Why is the Internet so infuriatingly slow?

Inside the Internet.
Sept. 5 2008 7:45 AM

Why Is the Internet So Infuriatingly Slow?

Plus, two horrible things your Internet service provider wants to do to make it speedier.

Illustration by Robert Neubecker. Click image to expand.

Everyone hates their Internet service provider. And with good cause: In the age of ubiquitous Internet access, Web service in America is still often frustratingly slow. Tired of being the villain, telecom companies have assigned blame for this problem to a new bad guy. He's called the "bandwidth hog," and it's his fault that streaming video on your computer looks more like a slide show than a movie. The major ISPs all tell a similar story: A mere 5 percent of their customers are using around 50 percent of the bandwidth—sometimes more during peak hours. While these "power users" are sharing three-gig movies and playing online games, poor granny is twiddling her thumbs waiting for Ancestry.com to load.

The ISPs are certainly correct that there's a problem: The current network in the United States struggles to accommodate everyone, and the barbarians at the gate—voice-over-IP telephony, live video streams, high-def movies—threaten to drown the grid. (This Deloitte report has a good treatment of that eventuality.) It's less clear that the telecom companies, fixated as they are on the bandwidth hogs, are doing a good job of managing the problem and planning for the future. The ISPs have put forward two big ideas, in recent months, about how to fix our bandwidth crisis. We can arrange these plans into two categories: horrible now and horrible later.

Plan One: Feed the meter. Category: Horrible now. In January, Time Warner announced it was rolling out an experimental plan in Beaumont, Texas, that charged users by the gigabyte. Thirty dollars would get you 5 gigabytes a month, while a $55 plan would get you 40. Each extra gigabyte over the limit costs a buck. In succeeding months, this data-capping idea has caught on. Comcast recently announced that it's drawing the line at 250 gigabytes per user per month. Once you've used that much bandwidth, you can get your account suspended.

A limit of 250 gigs a month is plenty enough for most of us, at least for now. Silicon Alley Insider has a nice rundown of what it would take to hit that limit, to the tune of two HD movies a day and a lot of gaming on the side. But that assumes your connection is speedy enough to stream high-quality video in the first place. It's a chicken-and-egg problem: People use less bandwidth when their connection is crawling from congestion.

A reasonable argument can be made that this is a sound way to clear up congestion. It is rather unfair that people who barely use the Web have to pay the same or similar rates as people who use BitTorrent all day. The "meterists"—and there are a few of them out there—think systems like Time Warner's are inherently fairer, as they end the practice of forcing light users to subsidize heavy users. The rosiest scenarios even suppose that a pay-as-you-go Internet could give telecoms the financial incentive to expand their networks.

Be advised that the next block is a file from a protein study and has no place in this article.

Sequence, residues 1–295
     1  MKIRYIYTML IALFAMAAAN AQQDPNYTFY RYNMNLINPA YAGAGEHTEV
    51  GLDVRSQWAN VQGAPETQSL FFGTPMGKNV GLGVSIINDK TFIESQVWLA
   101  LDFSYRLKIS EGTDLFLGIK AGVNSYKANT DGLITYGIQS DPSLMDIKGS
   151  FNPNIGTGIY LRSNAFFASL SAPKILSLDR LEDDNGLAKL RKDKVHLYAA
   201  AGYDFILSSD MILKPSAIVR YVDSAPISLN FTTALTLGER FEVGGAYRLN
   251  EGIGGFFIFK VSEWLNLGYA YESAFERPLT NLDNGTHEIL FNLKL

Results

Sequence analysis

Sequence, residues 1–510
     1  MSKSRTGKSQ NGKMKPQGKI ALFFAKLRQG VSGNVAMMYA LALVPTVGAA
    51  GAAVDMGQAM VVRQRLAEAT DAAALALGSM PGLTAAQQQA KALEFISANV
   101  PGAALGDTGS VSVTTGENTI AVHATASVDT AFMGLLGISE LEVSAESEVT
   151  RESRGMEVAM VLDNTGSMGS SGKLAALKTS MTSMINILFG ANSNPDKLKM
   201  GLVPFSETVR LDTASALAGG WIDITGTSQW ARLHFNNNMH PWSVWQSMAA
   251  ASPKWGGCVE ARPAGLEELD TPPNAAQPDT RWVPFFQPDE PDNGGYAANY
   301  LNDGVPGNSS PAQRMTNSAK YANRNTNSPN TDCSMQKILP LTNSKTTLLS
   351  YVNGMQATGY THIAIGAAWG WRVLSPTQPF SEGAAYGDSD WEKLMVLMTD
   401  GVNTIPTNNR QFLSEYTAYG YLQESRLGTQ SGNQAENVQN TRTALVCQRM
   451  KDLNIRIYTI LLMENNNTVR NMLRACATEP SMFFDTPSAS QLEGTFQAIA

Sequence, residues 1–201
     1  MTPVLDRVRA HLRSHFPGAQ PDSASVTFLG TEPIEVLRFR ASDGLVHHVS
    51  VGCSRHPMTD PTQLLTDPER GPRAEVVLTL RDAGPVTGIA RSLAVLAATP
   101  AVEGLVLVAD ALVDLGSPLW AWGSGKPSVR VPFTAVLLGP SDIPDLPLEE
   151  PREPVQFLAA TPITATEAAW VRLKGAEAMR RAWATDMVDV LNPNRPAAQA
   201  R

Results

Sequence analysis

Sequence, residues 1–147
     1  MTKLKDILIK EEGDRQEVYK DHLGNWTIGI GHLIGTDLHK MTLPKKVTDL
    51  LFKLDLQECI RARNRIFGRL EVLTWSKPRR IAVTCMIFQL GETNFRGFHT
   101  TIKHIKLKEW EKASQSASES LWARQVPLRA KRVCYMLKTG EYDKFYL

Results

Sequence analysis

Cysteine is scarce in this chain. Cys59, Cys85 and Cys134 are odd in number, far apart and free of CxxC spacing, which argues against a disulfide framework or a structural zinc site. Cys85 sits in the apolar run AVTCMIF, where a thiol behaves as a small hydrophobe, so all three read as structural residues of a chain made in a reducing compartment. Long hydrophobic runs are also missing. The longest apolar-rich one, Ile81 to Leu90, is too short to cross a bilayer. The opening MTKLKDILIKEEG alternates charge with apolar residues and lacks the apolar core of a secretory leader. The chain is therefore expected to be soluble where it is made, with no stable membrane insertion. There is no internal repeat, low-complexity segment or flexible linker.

The criticism is easy to condense: No one joyrides in a taxi. A plan like this, as its many opponents have noted, will cramp the freewheeling, inventive nature of the Internet. The Internet owes its success to two pillars of human activity: masturbation and procrastination. (Seriously: We have the porn companies to thank for pioneering all sorts of technologies, from VHS to secure credit-card transactions online.) Is the Internet really the Internet if people don't use it to waste time?

Widespread deployment of capped or metered plans would also cripple businesses that have invested in high-bandwidth products, like videoconferencing. And if people start pinching bytes, it could also pose problems for security—if you hear the meter ticking, you'll probably be less eager to install large operating-system updates and new virus-definition files.

Beyond that, capping data transfer is simply a crude way to get people to curb their data appetites. Imposing limits on gigabytes per month is as sensible as replacing speed limits with a total number of miles you can drive in a given day. A more reasonable scenario—though one that's still decidedly unfun—would be to charge for Internet access as we charge for cell phones, running the meter during peak hours and letting people surf and download for free on nights and weekends, when there's far less competition for bandwidth.